Genesis were an English rock band formed at Charterhouse School, Godalming, Surrey, in 1967. The most successful and longest-lasting line-up consisted of keyboardist Tony Banks, bassist/guitarist Mike Rutherford and drummer/singer Phil Collins. Significant former members were original lead singer Peter Gabriel and guitarist Steve Hackett. The band moved from folk music to progressive rock in the 1970s, before moving towards pop at the end of the decade. They have sold 21.5 million copies of their albums in the United States, with worldwide sales of between 100 million and 150 million.
Aylesbury is the county town of Buckinghamshire, England. It is an ancient market town with several historic pubs, is home to the Roald Dahl Children's Gallery and, since 2010, the 1,200 seat Waterside Theatre. The predecessor to the paralympic games started in the town.
In 2012, singer Randy Blythe of American heavy metal band Lamb of God was indicted on (and later acquitted of) charges of manslaughter relating to the death of a fan in the Czech Republic after the fan was injured after being pushed off the stage.
David Randall "Randy" Blythe, is an American singer, best known as the lead vocalist and lyricist of American heavy metal band Lamb of God. He has also performed guest vocals for Cannabis Corpse, Overkill, Gojira, EYEHATEGOD and in 2018 his voice appears in the Soulfly song "Dead Behind the Eyes", and he is also the lead singer of side-project band Halo of Locusts. As a teenager, he listened to bands of the hardcore punk scene such as the Sex Pistols, Bad Brains and Black Flag. He is often referred to as "Uncle Randy" in the metal community.
Lamb of God is an American heavy metal band from Richmond, Virginia. Formed in 1994 as Burn the Priest, the group consists of bassist John Campbell, drummer Chris Adler, vocalist Randy Blythe, and guitarists Mark Morton and Willie Adler. The band is considered a significant member of the New Wave of American Heavy Metal movement.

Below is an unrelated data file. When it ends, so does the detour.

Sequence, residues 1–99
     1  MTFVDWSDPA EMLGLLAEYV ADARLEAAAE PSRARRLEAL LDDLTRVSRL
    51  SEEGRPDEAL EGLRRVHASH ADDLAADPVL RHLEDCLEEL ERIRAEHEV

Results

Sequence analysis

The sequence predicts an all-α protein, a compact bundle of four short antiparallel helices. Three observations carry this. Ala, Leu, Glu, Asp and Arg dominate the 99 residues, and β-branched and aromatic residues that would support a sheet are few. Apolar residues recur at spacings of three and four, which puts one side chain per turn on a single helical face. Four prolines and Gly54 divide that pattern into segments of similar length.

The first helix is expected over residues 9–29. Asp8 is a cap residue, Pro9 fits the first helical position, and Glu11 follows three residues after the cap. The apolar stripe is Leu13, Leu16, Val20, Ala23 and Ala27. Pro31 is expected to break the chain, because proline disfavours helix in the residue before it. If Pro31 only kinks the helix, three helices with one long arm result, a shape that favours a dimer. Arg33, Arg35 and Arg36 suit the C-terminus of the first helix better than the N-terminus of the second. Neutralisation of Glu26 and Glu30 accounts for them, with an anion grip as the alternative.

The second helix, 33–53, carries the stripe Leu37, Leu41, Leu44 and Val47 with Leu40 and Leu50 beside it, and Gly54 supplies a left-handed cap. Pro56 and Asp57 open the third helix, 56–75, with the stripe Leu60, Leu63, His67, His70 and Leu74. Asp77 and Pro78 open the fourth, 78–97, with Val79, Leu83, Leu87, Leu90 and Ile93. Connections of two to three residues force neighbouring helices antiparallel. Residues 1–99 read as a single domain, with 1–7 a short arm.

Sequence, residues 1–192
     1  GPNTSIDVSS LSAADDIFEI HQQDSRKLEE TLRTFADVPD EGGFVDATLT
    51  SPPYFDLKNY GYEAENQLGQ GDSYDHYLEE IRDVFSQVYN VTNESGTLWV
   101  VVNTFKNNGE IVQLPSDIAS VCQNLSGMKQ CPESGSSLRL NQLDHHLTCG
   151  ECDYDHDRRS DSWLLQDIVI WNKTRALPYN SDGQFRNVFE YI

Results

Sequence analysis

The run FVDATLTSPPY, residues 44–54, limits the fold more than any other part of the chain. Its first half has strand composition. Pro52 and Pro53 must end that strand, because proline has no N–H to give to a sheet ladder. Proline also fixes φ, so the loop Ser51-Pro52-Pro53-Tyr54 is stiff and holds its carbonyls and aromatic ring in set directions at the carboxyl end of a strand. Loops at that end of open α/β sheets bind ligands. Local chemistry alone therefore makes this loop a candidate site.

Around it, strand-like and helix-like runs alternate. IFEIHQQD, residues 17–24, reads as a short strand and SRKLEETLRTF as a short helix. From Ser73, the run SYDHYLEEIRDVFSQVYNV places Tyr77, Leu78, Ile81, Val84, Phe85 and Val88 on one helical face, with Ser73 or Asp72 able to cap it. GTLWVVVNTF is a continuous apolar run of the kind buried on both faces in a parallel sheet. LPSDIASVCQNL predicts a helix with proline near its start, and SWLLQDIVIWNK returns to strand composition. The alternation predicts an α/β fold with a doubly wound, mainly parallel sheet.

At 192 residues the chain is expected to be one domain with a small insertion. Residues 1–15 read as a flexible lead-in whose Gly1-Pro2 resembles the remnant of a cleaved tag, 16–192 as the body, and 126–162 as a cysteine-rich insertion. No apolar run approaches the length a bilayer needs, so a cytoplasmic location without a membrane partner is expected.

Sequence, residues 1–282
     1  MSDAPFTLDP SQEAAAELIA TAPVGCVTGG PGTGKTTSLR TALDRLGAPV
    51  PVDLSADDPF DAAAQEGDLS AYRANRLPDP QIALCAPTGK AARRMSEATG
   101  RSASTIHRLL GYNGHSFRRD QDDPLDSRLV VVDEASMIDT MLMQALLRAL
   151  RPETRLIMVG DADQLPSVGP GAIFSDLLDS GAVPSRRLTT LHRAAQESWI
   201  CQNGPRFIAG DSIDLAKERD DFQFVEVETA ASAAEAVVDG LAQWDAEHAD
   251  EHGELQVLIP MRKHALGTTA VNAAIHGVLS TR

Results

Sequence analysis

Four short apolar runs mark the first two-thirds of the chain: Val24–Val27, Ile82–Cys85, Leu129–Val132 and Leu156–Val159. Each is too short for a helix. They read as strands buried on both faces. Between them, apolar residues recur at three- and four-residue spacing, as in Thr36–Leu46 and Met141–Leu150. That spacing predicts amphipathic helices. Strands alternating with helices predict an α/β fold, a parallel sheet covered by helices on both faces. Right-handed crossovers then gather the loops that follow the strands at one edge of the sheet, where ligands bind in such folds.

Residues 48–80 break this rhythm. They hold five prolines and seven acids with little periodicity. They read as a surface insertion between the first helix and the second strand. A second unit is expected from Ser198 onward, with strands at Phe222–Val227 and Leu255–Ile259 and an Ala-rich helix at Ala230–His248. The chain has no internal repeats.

The Randy Blythe manslaughter case was a court case in the Czech Republic, stemming from a 2010 Lamb of God concert in Prague, wherein 19-year-old fan Daniel Nosek sustained head injuries leading to a coma and subsequent death. During the investigation, Czech police unsuccessfully asked United States authorities for cooperation. When the band returned to the Czech Republic for another concert two years later, its vocalist Randy Blythe was arrested, charged with causing Nosek's death, and remanded in custody for five weeks.
In February 2014, federal judge Jan E. DuBois ruled that Fishbone had to pay $1.4 million to a woman who broke her skull and collarbone during a 2010 concert in Philadelphia when Angelo Moore stage-dove and landed on top of her.
Jan Ely DuBois is a Senior United States District Judge of the United States District Court for the Eastern District of Pennsylvania.
Fishbone is an American band formed in 1979 in Los Angeles, California, which plays a fusion of ska, punk rock, funk, heavy rock, and soul. In the words of AllMusic: "Fishbone was one of the most distinctive and eclectic alternative rock bands of the late '80s. With their hyperactive, self-conscious diversity, goofy sense of humor, and sharp social commentary, the group gained a sizable cult following yet they were never able to earn a mainstream audience."